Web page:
What is the Experimental Lakes Area? | Great Lakes Guide

Environment and Education

What is the Experimental Lakes Area?

Published February 24, 2019

Did you know that there is a large group of over 50 lakes in Northern Ontario that are used solely for scientific research?

The world is facing growing populations and a rapidly changing climate. How do we ensure the protection and stability of our freshwater ecosystems?

The International Institute for Sustainable Development (IISD) and the Experimental Lakes Area (ELA) have partnered to examine environmental impacts on freshwater systems at a whole ecosystem level, helping to inform conservation measures.

What are they?

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Department of Fisheries and Oceans Canada (Link)

The Experimental Lakes area is a collection of 58 small lakes are located in Northwestern Ontario. Since its inception in 1968, the ELA has brought together scientists to create one of the most comprehensive and longest running data collections on freshwater lakes. These lakes are isolated from human impacts, allowing researchers to run real-world experiments in real-time.

This incredible “natural laboratory” is truly one-of-a-kind. It allows scientists to learn how all aspects of these freshwater ecosystems respond in a changing environment. Scientists can manipulate these lakes and track the response of the entire ecosystem- from atmospheric changes to changes in fish populations and physiology. Researchers can then monitor the effects of climate change and pollutants on our freshwater resources over the long term.

What are they used for?

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marcel lemieux (Flickr: Link)

The benefit of these lakes is that we can mimic the conditions currently seen around the world. Some of the groundbreaking research conducted at the ELA includes acid rain, water pollution, the impact of mercury on fish populations, oil spills, invasive species, and much, much more.

These assessments have helped, and continue to help, inform governments from all corners of the Earth on how to best manage our freshwater resources. These lakes are also used for educational purposes, bringing together students, professionals, and local communities- including First Nations- to share in their understanding of these ecosystems.

Together, the aim is to foster the next generation of freshwater scientists and build relationships that will help to ensure sustainable development, both in Canada and internationally. The ELA works to bridge science, government, and industry to identify and study new, emerging environmental concerns and nip them in the bud.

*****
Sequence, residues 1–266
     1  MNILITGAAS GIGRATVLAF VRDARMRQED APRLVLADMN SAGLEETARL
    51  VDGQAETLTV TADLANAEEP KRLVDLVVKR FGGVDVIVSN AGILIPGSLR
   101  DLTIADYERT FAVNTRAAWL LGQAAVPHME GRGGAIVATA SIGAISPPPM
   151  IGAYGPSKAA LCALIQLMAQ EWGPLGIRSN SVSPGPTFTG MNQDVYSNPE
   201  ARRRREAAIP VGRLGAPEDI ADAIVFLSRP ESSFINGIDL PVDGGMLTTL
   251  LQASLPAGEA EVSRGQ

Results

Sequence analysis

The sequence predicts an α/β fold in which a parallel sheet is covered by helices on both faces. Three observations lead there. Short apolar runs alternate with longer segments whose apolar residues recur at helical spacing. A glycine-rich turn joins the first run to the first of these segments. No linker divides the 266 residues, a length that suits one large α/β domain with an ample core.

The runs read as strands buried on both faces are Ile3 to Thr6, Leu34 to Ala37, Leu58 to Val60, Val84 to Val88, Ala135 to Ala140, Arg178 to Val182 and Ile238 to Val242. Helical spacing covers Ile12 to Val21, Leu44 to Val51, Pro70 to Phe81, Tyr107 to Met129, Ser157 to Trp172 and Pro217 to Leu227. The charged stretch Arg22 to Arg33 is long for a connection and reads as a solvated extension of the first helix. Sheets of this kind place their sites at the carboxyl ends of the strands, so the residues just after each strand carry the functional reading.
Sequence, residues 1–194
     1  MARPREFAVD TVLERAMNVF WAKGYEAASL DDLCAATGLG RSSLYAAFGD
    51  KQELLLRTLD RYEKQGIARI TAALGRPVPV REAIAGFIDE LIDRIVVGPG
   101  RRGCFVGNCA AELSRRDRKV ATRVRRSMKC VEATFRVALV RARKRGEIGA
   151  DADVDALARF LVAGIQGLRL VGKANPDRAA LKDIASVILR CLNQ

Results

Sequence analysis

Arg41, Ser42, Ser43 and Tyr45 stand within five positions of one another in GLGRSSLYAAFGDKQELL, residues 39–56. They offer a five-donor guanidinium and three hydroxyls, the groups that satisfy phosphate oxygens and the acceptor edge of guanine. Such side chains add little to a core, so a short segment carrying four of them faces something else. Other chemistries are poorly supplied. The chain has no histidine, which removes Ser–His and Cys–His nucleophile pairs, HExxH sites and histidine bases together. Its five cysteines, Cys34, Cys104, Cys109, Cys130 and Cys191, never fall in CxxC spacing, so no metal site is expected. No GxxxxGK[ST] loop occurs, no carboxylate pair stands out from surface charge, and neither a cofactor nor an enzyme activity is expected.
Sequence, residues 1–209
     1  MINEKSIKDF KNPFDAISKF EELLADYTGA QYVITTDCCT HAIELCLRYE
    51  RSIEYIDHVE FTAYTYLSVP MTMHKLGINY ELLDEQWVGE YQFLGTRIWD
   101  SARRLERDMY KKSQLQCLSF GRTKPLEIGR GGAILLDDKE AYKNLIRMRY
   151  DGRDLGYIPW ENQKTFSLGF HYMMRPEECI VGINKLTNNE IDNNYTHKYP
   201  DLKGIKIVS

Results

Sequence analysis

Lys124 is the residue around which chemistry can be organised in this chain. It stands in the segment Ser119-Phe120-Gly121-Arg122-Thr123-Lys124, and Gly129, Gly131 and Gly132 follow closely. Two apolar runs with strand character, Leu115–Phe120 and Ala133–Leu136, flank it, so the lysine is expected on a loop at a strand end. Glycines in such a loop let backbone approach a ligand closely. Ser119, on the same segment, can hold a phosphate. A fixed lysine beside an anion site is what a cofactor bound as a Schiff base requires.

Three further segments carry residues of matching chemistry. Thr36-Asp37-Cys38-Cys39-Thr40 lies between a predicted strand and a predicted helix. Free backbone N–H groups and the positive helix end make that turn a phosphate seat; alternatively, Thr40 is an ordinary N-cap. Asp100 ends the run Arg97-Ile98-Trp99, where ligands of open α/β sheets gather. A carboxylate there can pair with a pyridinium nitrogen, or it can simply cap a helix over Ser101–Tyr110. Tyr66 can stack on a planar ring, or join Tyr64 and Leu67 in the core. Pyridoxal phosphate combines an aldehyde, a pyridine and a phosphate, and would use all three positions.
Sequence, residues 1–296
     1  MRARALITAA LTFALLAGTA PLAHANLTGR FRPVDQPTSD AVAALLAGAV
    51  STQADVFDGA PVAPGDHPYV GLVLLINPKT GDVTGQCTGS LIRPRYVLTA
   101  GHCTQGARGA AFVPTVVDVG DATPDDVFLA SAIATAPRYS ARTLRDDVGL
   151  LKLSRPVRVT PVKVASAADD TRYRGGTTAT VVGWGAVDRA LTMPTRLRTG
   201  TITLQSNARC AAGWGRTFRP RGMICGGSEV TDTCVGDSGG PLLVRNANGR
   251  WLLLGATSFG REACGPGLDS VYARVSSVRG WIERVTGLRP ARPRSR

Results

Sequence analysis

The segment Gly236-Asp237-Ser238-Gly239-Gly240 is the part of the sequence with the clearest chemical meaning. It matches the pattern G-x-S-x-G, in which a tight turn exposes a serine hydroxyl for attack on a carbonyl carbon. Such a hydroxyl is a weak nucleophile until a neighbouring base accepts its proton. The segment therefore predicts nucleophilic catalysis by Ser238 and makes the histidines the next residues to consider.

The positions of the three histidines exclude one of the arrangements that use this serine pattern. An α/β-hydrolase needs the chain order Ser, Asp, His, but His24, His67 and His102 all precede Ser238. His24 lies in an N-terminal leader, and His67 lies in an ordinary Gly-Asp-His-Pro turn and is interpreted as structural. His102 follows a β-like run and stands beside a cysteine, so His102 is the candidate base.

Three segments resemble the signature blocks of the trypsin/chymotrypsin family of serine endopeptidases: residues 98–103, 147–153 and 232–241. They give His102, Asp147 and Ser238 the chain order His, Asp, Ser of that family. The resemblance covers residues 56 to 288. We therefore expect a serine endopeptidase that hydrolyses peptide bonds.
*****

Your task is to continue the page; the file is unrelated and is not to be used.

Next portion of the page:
What can you do?

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Aaron Lee (Unsplash: Link)

We all depend on freshwater. From simply drinking your morning coffee, to taking a shower, freshwater is a huge part of our everyday lives. Not only that, but everything that lives within these freshwater ecosystem plays a critical role.

If one small thing changes, it can have a massive effect on the rest of the lake. Temperature increases? Algae levels might increase. Algae increases? Other plants die. More decomposition leads to decreased levels of oxygen. Less oxygen means many fish and aquatic insects will die and… well, you get the idea.

    “Ultimately, lakes are a reflection of everything that happens around them. Lakes are really just holes in the ground that collect water, and all of that water is very strongly affected by any of the activities that happen on the land.”

    -Dr. Paterson.
    Research scientist at the ELA

It is important for us to realize how our actions impact these freshwater ecosystems that are so critical to our survival. But the first step is to truly appreciate the water that we so often take for granted.

Learn more about the Experimental Lakes Area and its research projects and identify your own connection to water. Discover just how much of a role freshwater plays in our day-to-day lives and what you can do to help protect it.



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